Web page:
Six Articles of Henry VIII

Henry VIII passed through Parliament and Convocation a set of articles defining the doctrine of the Church of England and instituting severe punishments for anyone who committed heresy against the new church. The Six Articles aligned the English Church with Catholicism and effectively outlawed Protestantism in England for twenty years.

Summary of Event

Henry VIII was declared Supreme Head of the Church in England by the Act of Supremacy Supremacy, Act of (1534) in 1534, but that act did not define the nature of the church he was to govern. Thomas Cranmer, the archbishop of Canterbury appointed by Henry in 1533, was secretly a Protestant, and so was Thomas Cromwell, the layman Henry had made vicar-general in 1535. Henry himself, however, remained staunchly Catholic in his views. Pope Leo X had given him the title Defender of the Faith in 1521 for his Assertio septum sacramentum contra Martinum Lutherum (1521; Defense of the Seven Sacraments
Defense of the Seven Sacraments (Henry VIII) , 1687), in which the king had attacked Luther’s views. Six Articles of Faith (1539)
Henry VIII
Cromwell, Thomas
Cranmer, Thomas
Gardiner, Stephen
Catherine of Aragon
Boleyn, Anne
Seymour, Jane
Anne of Cleves
Howard, Catherine
Parr, Catherine
Howard, Thomas (1473-1554)
Edward VI
Mary I
Charles V (1500-1558)
Cranmer, Thomas
Cromwell, Thomas
Leo X
Gardiner, Stephen
Howard, Thomas (third duke of Norfolk)
Charles V (Holy Roman Emperor)
Catherine of Aragon
Boleyn, Anne
Seymour, Jane
Anne of Cleves
Howard, Catherine
Parr, Catherine
Edward VI (king of England)
Mary Tudor (queen of England)
Henry VIII (king of England)

Henry VIII’s first apparent deviation from Catholic Catholicism;England orthodoxy came in 1536, when he persuaded Convocation (a body consisting of all English bishops and representatives of the lower clergy) to adopt the Ten Articles Ten Articles of Faith (1536) . This ambiguous document mentioned the three sacraments of baptism, penance, and the Eucharist, but it did not mention the other four, though it did not deny their existence. The doctrine of transubstantiation Transubstantiation was upheld. Prayers for the dead were defended, though there was no mention of purgatory. Regarding the vexing question of justification, the articles took the moderate view that justification is achieved through both faith and charity. The Ten Articles were the first attempt to define the doctrine of the Church of England Church of England .

In 1537, Henry authorized publication of the Institutes of the Christian Man, known as the Bishops’ Book
Bishops’ Book (Henry VIII)[Bishops Book (Henry VIII)] . This text upheld all seven sacraments, while according four of them a lower status. It also emphasized the authority of Scripture and defined the Church as a universal institution composed of independent national bodies.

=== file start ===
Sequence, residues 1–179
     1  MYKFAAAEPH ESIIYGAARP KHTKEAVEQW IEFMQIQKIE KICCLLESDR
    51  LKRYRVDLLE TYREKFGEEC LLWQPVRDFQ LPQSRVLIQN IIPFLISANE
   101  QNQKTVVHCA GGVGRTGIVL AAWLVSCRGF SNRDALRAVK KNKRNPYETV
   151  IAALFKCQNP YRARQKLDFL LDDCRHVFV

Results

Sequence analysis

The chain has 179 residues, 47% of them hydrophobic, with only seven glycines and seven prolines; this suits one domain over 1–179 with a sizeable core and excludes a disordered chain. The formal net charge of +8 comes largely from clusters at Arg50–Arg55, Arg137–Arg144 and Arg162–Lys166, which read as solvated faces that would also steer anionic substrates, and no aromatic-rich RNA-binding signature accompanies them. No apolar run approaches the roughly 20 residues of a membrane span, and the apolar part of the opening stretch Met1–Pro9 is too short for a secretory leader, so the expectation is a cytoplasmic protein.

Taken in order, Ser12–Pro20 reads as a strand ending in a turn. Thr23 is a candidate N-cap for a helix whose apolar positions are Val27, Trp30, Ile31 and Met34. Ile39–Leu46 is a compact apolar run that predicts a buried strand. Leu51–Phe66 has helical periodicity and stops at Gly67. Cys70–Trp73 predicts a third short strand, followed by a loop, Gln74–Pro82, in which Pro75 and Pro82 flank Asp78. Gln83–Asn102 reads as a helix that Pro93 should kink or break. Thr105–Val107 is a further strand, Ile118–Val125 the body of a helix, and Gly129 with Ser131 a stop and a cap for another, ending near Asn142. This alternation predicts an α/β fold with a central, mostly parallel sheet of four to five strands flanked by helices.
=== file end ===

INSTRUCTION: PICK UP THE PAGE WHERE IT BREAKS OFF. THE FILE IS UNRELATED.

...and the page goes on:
In April, 1539, Parliament was asked to formulate official doctrine for the Church in England. A stalemate ensued between the reformers, led by Cromwell and Cranmer, and the more conservative bishops, most notably Stephen Gardiner, bishop of Winchester. On May 16, the conservative Thomas Howard, duke of Norfolk and a close ally of the king, was commissioned to break the deadlock by submitting the Six Articles to Parliament. In the light of the king’s support, they were speedily accepted, passed Convocation, and became the new official doctrine of the Church in England.

Disgruntled Protestants referred to the Six Articles as the Whip with Six Strings because of their severity, and indeed they were the most conservative doctrinal statement of the sixteenth century outside the Roman Catholic Church. Various Catholic beliefs and practices were upheld by the articles, including transubstantiation, clerical celibacy, the validity of religious vows, confession to a priest, and privately celebrated masses. The Six Articles prescribed the death penalty for all who denied transubstantiation, even though they might recant. Denial of other articles made an offender liable to indefinite imprisonment upon a first offense and death following a second offense.

In effect, the Six Articles outlawed Protestantism Protestantism;England in England and so destroyed the hopes of many Englishmen who had looked to Henry VIII to effect a full Reformation along Continental lines. Cranmer strongly opposed the articles at first, but as archbishop of Canterbury, he was required to assent to them and promise to enforce them. He had been married for some years, and to escape prosecution, he had to send his German wife back to her native country. Some clergy of Protestant inclinations resigned, including two bishops, but most bided their time and hoped for the reversal that finally came when Elizabeth I assumed the throne.